Sunday, December 4, 2016

Persimmon seeds lied to me last fall, so should I trust them this year?

Three on top are definitely knives. Five below may be spoons or ladles or large knives. Not sure which.

I've written many dumb headlines over the years, but I can't take credit for this one.
The persimmon seeds I gathered from the tree in my side yard last fall predicted a cold, wet, snowy winter. They were wrong. It turned out to be quite mild. Flooding was more of a problem than were snowdrifts or ice.

Of course, I am not complaining, but I was thinkng about skipping the folklore weather forecast this year.

I couldn't resist it, though, and a couple of weeks ago, right after the first frost, I picked up seven persimmons from beneath the tree in my yard. I picked out the seeds from those seven fruit, and I selected 12 of the thickest seeds. Seven is the number of days of creation, counting the day the Lord rested from that burden. Twelve is the number of Hebrew tribes; it is also the number of the original disciples.
I split the 12 fat seeds in half, and I was fortunate to find eight of the 24 halves legible. Eight is the number of people on the Ark, counting Noah, during the Flood, a weather-related incident.

You can see from the photo of poor quality at the top of this post that three of the halves were definitely knives. That means some cold, cutting temperatures. For back-up to that forecast, see the headline in the local newspaper that was printed a couple of weekends ago. We are definitely going to  have some cooler temperatures when winter gets here; it's right there in the paper.

I have not run across any woolly worms to see what they have to say.

The five seed halves on the second row are not clear to me. They might be spoons. They might be ladles. A couple of them might be big knives. I just don't know.

But there are no forks! Forks mean a mild winter. Once again, the seeds seem to be telling us that we are going to have a bitterly cold and wet, snowy winter. Maybe that will just be in my side yard where the tree is.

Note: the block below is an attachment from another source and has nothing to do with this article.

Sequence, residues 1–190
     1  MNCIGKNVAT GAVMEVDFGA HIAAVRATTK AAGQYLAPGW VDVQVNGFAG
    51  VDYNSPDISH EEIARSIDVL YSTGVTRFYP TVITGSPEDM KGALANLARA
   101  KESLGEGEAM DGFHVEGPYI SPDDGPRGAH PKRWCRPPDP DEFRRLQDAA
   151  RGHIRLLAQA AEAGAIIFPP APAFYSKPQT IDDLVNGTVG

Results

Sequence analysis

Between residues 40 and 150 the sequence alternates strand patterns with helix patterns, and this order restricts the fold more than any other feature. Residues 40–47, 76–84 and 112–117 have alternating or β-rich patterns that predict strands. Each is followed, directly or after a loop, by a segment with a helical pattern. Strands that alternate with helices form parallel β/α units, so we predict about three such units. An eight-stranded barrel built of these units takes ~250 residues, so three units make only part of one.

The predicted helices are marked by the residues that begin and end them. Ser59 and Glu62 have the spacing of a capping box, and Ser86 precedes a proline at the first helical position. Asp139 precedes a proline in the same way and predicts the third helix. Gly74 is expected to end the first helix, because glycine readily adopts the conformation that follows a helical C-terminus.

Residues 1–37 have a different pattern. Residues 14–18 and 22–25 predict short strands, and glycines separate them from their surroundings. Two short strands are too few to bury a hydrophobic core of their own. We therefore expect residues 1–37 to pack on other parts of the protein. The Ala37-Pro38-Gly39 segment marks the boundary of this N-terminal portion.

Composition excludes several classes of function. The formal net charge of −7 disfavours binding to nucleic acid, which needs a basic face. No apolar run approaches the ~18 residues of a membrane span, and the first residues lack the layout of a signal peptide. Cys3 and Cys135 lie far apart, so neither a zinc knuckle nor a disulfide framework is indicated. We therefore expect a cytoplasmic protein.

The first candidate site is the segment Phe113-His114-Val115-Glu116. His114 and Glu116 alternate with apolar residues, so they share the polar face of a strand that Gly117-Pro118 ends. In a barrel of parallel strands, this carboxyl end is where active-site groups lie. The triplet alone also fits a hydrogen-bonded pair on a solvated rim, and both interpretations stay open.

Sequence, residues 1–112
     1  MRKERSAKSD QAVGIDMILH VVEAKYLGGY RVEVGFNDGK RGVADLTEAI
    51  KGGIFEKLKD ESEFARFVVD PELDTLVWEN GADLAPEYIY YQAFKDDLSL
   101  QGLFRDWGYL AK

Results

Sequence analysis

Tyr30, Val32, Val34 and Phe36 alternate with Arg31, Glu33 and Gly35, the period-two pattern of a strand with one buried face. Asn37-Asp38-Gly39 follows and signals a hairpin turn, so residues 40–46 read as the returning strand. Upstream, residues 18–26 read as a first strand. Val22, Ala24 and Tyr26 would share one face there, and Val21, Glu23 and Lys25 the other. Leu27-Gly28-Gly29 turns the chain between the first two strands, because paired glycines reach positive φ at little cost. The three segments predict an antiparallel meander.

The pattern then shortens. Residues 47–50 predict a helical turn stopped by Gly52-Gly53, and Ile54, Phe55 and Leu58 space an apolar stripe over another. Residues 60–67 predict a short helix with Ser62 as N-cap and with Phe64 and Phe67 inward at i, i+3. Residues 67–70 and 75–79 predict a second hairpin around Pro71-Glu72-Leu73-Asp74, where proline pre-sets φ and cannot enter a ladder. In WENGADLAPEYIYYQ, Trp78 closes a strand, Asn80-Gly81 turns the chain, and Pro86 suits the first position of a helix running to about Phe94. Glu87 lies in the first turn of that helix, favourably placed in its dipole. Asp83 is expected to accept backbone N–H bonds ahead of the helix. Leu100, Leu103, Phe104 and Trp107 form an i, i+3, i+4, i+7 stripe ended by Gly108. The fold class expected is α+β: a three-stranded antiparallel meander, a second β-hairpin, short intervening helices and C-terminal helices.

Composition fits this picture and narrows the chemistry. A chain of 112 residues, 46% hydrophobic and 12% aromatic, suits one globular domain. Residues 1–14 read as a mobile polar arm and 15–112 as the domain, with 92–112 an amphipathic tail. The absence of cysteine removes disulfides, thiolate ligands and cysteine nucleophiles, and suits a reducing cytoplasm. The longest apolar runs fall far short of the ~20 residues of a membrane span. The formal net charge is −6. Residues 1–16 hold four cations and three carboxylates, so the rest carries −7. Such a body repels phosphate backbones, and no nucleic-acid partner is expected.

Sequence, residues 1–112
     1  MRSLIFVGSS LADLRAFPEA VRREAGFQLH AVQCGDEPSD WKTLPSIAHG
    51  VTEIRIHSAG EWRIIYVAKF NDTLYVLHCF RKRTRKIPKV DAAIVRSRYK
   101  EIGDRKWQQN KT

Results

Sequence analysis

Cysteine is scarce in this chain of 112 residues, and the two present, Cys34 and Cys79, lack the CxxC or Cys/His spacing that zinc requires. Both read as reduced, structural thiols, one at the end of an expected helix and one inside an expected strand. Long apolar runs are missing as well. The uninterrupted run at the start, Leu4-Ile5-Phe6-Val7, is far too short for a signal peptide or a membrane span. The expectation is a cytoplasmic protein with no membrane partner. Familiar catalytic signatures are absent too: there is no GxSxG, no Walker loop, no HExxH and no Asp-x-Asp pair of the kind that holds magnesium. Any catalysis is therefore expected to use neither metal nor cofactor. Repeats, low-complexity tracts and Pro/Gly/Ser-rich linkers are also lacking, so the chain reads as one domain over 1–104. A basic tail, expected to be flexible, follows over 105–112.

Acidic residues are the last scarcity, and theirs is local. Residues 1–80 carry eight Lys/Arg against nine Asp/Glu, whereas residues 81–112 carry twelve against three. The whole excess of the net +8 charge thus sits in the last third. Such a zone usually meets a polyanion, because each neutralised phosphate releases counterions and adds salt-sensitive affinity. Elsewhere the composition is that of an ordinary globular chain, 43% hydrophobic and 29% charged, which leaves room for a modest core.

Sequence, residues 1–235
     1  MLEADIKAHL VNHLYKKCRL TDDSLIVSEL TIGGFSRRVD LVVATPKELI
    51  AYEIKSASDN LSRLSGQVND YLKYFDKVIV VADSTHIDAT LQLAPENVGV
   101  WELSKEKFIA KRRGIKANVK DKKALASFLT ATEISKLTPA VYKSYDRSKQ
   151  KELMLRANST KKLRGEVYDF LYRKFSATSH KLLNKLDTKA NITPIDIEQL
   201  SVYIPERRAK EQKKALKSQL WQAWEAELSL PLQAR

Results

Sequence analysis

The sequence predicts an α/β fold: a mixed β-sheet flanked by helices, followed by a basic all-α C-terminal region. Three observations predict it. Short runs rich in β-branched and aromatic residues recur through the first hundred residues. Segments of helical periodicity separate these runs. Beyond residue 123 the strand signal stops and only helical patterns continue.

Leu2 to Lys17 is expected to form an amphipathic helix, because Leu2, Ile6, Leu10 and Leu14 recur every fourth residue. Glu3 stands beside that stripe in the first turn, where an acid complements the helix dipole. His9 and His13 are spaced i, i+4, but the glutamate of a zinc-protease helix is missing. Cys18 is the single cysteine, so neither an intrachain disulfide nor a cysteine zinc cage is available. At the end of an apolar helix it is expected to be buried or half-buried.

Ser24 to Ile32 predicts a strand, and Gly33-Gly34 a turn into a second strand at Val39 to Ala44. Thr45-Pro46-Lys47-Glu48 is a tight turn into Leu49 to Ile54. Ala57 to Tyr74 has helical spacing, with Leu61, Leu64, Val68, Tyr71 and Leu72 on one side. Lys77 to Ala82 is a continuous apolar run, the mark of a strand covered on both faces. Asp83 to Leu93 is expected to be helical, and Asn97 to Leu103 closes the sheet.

On a related note, I got this letter from reader Martha Furman Kojro, of Doolittle, Missouri, who has followed my writings about folklore weather forecaasting for many years.

Dear RD,
In the Farmers’ Almanac  daily newsletter I came across another way to predict the severity of winter.
It seems that the color of a goose’s breastbone can be used to foretell the future weather events. A red or darkly spotted bone means that winter will be cold and stormy. A light color or lightly spotted bone indicates a mild winter.
If you publish this advice I hope that there are enough geese available at our local grocery stores to meet the demand of folk scientists in the area. The few wooly worms that I’ve seen this year in my part of  Phelps county indicate a mild winter.
I  might  be cooking a goose for Sunday dinner in order to further folk science research!
Yours Truly,
Martha Furman Kojro

I told Martha that if she cooks a goose to let me know what she found. She told me later that she could not find a goose in our little town.
I guess we'll just have to rely on persimmons and the local paper.

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